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  • Writer's pictureStudent Wellbeing Service


This article has been written & shared with us by Mohammad Askari, a student from the department of Engineering.


I usually draft my posts over and over to make sure they read well, and follow through on everything I want to say to my audience.

But then I asked the people who read my blog to tell me what they liked, and all they said was that they just wanted to read how I thought about things to myself. As if I was writing for me, and not for them.

So this one comes from the heart.


The start of Semester 2 meant a lot of things for me - another chance to do better with my grades - make more progress in my engineering projects, build relationships with the people I loved and get the most I could out of university.

That was until the stress started kicking in.

Constant stress can affect the body in a lot of different ways. In my case, it means kidney stones.

It was an issue that surfaced back in high school, when I was focused on finishing my A Levels, getting into a good university and managing the expectations of my friends, teachers and parents as someone that seemed like they would go far in life. 4 years on, and it's the same story. Thankfully, I got through the worst of it without serious medical attention, and carried on.

A couple days later, and I get the devastating news that my last grandparent passed away. Taking a week off to grieve with my family meant my mental health took a significant fall.

And then I came back to university, a week behind on lectures, going to all my project meetings again, talking to friends, and trying to pass off the recent stresses as though they needed just one off day. Sometimes it just happened to be that day for the people I interacted with, if I couldn't play it off well enough. And sometimes I managed to keep it hidden long enough that they just moved on.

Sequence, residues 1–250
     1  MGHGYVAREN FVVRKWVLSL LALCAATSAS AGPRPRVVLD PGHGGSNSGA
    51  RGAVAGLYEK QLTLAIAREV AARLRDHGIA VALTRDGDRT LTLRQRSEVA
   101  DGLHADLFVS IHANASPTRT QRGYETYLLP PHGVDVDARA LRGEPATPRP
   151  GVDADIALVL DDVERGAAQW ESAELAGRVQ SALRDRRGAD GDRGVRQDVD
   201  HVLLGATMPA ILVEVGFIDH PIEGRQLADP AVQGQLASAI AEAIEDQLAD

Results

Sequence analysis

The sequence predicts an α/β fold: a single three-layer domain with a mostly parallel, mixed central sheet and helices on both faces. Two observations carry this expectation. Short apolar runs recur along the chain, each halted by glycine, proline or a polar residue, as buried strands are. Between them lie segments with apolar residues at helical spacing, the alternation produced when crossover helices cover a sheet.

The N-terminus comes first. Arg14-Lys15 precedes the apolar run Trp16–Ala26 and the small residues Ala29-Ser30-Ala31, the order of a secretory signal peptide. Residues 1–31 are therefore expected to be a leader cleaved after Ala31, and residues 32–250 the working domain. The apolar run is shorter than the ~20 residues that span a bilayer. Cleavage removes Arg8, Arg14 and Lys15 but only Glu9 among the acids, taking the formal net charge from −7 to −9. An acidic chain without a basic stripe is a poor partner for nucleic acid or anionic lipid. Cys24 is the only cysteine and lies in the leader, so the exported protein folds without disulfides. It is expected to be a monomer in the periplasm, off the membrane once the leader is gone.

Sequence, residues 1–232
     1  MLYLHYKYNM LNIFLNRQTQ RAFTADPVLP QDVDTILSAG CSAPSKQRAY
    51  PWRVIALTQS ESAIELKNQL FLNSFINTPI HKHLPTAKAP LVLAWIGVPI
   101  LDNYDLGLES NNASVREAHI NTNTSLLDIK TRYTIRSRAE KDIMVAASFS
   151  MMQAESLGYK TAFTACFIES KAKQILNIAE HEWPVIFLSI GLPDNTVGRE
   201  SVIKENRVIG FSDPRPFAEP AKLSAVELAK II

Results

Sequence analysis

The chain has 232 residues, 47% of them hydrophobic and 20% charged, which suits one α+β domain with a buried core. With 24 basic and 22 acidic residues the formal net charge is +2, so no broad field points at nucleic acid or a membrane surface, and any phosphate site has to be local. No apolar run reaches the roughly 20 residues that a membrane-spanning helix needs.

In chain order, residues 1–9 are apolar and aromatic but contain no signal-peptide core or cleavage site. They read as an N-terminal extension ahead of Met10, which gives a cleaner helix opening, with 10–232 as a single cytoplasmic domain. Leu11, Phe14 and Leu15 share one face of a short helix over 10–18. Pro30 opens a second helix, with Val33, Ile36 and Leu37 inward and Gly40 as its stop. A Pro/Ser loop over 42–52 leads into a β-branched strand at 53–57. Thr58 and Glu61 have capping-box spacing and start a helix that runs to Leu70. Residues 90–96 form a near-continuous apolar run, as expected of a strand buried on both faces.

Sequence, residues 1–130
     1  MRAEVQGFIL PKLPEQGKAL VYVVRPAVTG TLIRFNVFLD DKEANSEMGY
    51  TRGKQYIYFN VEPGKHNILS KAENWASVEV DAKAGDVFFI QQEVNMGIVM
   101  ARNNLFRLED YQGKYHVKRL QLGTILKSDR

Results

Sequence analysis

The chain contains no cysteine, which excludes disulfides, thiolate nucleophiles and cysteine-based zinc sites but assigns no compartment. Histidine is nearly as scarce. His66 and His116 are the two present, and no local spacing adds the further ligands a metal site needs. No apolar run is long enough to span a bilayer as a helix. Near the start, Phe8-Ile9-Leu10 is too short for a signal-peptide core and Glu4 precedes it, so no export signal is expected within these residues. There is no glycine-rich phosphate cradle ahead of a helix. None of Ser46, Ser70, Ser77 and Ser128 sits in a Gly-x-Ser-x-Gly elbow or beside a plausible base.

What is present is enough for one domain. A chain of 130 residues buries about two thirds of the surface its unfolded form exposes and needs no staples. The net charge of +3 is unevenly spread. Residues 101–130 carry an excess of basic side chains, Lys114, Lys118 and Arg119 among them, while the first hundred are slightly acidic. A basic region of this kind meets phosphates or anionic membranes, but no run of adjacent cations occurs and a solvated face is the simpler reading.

Adding to that one of my personal flaws of being unable to turn others down, and I was always out with friends or loved ones, trying desperately to run away from my thoughts and feel normal, when what I needed more than anything was to sit and process the feelings I was avoiding.

Burnout makes you feel out of touch with yourself, your friends, even your passions. It’s more than just having an off day - it’s a repeated, or even constant feeling that you don't have the energy to carry on.

It's your body’s way of telling you that you’re exhausted - physically, mentally and emotionally.

For people who take up too much work - who in my case, in my friend groups at university, and in aerospace engineering, are usually the more common bunch - it's a serious risk. And often times the procrastination doesn't stem from laziness, but because the people affected physically can’t work any more.

I’ve put myself through it in both semesters this academic year. Having to adjust to a new year and new work, among all my engineering projects, definitely had me reprioritising how I spent my time.

In all honesty, I only made slight changes, dropping out of a project that only took an hour of my week, to settle the concerns from the people close to me - because I still wanted all the achievements I’d signed up for. I didn’t want to accept that I didn't have the energy to put all the work in.

That’s the curse of ambition. You want to do it all, so you convince yourself through any means necessary that if you just keep going and make that little adjustment next time, you won’t burn out, and you can still do everything.

I started this blog because I wanted to write. And every few days, I’ve come up with a new idea to write about - about my engineering projects, or leadership - about my birthday, my New Years goals - but every time, I’ve been caught up in some other form of work, and been unable to do it.

I suppose I started now because writing felt natural to me. Because I told myself I was just going to put what came to mind on the page, and say it unapologetically. And because journaling for me is one of the ways I heal.

With burnout, there’s always that dread of there being work to do for tomorrow - in my case, lectures that have gone unwatched, notes that have gone unwritten and quizzes that have gone unanswered, left with a great big 0 next to the final grade.